As Western governments edge toward tougher sanctions on Russia, at least one group of European politicians has come to Moscow’s defense: leaders of the region’s far-right parties.
Marine Le Pen, head of France’s National Front, visited Moscow this month—her second trip there in less than a year—and lambasted the West for declaring a ruinous new “Cold War” on Russia. Her party also sent election observers who validated the results of the referendum in which Russia annexed Crimea. Geert Wilders, who heads the far-right Dutch Freedom Party, has accused the European Union of creating “a big mess” in Ukraine. And Nigel Farage, head of Britain’s UK Independence Party said in an April 1 interview that Vladimir Putin was the world leader he admired most.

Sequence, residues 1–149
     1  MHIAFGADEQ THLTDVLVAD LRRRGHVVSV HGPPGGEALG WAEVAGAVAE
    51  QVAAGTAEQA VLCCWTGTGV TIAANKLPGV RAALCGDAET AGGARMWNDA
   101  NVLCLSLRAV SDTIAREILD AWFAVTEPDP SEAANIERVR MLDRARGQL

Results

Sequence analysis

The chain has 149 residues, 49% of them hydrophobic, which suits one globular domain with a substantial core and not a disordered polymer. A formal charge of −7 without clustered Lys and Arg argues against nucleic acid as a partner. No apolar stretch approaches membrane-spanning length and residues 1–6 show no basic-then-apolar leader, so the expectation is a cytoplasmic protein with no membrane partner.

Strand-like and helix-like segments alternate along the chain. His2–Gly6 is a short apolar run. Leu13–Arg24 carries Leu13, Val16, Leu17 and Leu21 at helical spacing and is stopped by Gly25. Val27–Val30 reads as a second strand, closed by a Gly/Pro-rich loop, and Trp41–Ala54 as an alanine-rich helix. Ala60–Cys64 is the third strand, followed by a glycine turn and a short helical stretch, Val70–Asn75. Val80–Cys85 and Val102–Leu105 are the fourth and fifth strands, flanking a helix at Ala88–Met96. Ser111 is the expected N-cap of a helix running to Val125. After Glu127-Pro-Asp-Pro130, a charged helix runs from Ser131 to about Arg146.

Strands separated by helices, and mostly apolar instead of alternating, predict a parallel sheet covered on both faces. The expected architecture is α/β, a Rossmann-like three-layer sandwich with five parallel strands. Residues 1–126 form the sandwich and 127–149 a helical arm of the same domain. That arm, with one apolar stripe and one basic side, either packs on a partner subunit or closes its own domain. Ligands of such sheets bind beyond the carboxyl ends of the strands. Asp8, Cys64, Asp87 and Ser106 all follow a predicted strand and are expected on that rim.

Such comments may seem bizarre, considering that Putin has justified intervention in Ukraine by saying he’s protecting Russian speakers from right-wing elements in the new government.